Here’s a cool project that I have some involvement with, the Armiga Project.
This is basically an ARM-based emulation platform for the Amiga 500 that uses normal Commodore Amiga floppy disks!
Pretty cool, and I definitely support it! It’s already come a long way.
Details are available here at indiegogo!
Schematics now available for A501 replacement card!
Find them on the main project page, located here.
Added some new photos of the populated PCB for the Commodore Amiga A501 memory replacement card.
Find them on the main project page here.
So the very first A500 I had been testing on since the beginning of the project had a Bug Katcher installed. It turns out that I wasn’t really using it, but I left it plugged in anyways.
I’m not sure electrically what the exact effects of having that installed are, but removing it caused all of my instability and boot issues to disappear.
I was able to boot the amiga (10) times in a row from a cold start without an associated hang.
I still want to reconnect the logic analyzer, and verify that the race condition(which was/is a separate issue) has truly been addressed.
There was an issue where /CE could get asserted low prior to the latched addresses being clocked (or stabilizing) into the SRAM. I solved this by using slower logic(LS instead of ACT) on the logic path of /CE. While not ideal, I think it’s pretty effective.
I’m going to verify that those setup times for the SRAM are being respected, and I have a sufficient design margin.
So I think the Amiga 500 I was testing with has problems. I’m not sure precisely what or why but
Today, I dropped my new A501 replacement card into a known-working Commodore Amiga 500. It fired up immediately no issues with booting, everything worked, no wonkiness, memory tests passed 100%. This amiga has an accelerator card, and I was able to run 300 tests of pretty much the entire memory space on the card in about 5 minutes. Everything worked without error.
I’d like to get more data points here before I call it DONE, but it looks GREAT to me!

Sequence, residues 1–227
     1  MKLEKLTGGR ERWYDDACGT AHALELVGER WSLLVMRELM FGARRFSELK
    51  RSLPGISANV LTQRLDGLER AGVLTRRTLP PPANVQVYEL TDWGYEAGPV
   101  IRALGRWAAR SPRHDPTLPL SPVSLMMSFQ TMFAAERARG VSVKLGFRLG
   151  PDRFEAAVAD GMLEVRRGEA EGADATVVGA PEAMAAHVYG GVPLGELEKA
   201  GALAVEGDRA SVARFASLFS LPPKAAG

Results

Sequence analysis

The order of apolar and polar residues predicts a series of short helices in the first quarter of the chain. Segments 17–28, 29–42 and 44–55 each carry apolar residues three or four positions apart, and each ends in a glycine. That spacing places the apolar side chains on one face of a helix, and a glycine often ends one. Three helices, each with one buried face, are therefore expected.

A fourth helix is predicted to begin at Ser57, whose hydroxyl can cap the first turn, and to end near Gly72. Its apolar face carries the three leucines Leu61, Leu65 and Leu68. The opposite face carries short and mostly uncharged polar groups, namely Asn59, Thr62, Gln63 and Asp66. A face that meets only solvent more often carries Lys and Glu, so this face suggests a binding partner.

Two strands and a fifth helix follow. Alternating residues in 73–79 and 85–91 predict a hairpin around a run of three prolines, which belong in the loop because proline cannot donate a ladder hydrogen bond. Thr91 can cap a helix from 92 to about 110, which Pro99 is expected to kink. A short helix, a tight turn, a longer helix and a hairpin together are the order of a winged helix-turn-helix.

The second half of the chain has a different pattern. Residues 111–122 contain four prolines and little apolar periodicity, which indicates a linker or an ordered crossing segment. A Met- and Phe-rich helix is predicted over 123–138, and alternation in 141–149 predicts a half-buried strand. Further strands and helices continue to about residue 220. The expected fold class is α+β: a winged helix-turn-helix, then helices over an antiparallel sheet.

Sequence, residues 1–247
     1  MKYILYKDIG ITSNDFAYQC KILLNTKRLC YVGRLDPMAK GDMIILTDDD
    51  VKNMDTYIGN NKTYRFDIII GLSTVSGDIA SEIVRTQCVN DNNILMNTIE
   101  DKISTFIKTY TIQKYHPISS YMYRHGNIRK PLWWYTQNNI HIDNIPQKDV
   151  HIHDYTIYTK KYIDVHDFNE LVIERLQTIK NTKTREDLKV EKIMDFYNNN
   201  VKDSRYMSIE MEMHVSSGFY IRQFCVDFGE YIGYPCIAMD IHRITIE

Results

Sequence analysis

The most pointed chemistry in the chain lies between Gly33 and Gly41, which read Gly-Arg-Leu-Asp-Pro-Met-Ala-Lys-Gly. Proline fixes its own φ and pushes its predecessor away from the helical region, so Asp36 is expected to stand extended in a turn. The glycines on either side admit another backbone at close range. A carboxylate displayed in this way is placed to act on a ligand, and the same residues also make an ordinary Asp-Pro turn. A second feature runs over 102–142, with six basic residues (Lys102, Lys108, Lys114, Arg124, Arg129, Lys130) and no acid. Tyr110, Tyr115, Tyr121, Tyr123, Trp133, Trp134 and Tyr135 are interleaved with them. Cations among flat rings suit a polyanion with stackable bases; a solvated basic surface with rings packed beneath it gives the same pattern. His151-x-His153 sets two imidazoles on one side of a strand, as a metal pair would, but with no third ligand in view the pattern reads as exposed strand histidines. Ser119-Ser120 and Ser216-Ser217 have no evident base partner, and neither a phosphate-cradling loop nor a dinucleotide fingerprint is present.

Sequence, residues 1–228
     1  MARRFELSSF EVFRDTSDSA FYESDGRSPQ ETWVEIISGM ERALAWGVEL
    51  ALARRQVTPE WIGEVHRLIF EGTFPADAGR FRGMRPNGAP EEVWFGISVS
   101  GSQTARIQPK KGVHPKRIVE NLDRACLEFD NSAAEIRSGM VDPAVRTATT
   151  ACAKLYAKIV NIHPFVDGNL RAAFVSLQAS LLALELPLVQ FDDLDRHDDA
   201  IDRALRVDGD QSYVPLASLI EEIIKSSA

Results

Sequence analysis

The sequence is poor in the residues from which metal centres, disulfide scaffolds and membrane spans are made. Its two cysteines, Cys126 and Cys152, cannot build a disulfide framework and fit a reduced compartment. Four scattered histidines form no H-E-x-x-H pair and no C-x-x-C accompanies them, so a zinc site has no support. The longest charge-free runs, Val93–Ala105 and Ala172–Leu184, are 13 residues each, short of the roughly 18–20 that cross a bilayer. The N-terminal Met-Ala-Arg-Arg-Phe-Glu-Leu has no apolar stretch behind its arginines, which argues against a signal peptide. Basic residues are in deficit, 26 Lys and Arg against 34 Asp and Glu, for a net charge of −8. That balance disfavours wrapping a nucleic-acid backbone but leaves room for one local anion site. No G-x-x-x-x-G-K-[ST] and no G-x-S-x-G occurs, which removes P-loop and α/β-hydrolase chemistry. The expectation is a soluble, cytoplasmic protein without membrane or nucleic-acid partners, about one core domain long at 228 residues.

I’ve got to start putting up some more information, update the schematics with a few small fixes, and do some more testing.
Good milestone tonight!
While I had my logic analyzer connected to my memory card tonight, I noticed that I no longer had the white screen hang on bootup problem that I’ve been plagued with since this card came in.
As a matter of fact, it was booting up about 100% of the time.
I disconnected my HP logic analyzer probes, and all of a sudden, the Amiga won’t boot any longer.
It seems as if the impedance loading of the probes have been POSITIVELY affecting my circuit….slowing down the rise times and fixing whatever issue was in place.
The address pins and a single ground connection must be left attached to my turned off logic analyzer in order for this card to allow the Amiga to boot normally and properly detect the memory.
I’ve also read previously that it’s possible to have too fast rise times for older legacy hardware, and perhaps the choice to “upgrade” to 74ACT last minute has shot myself in the foot. I do have some 74LS components ordered for exactly this emergency, but time will tell.
So I’ve written some assembly in the monitor software I’ve been using, and I’ve just created a large loop to see if I can get the card to fail.
I’m still having plenty of problems on bootup, but everything else is checking on. So I’m not sure what the cause is, but I’m double checking that the memory system is reliable over a large number of reads/writes.
Overnight tonight, I’m doing about 650 million individual reads and writes to the memory card. I’m interleaving those with another 650 million reads/writes with the internal memory. To make sure that there’s no trouble when both memory banks are accessed.
So far, it looks pretty clean.
Gotta get to the bottom of the startup issue though.
For those of you who might not get the significance, workbench loads a number of libraries into the extended fast memory on bootup. As you can see in this image below, more fast memory is actually being used than the chip, onboard memory immediately after bootup.
RTC appears to be working and keeping the date and time across cold-starts.
I picked the Epson RTC-72423 which is about a $6 chip, but is obviously directly compatible with the OKI Semiconductor MSM6242B. The design, including the battery supervisor, had never been tested — not even as a prototype… and appears to have worked the first time!
I needed to do a “setclock reset”, set the date via “Date 28-Dec-13 02:26:00″ command, and then did a “setclock save” Subsequent setclock loads brings it back!
More thorough testing needs to be done, but initial indications look real nice!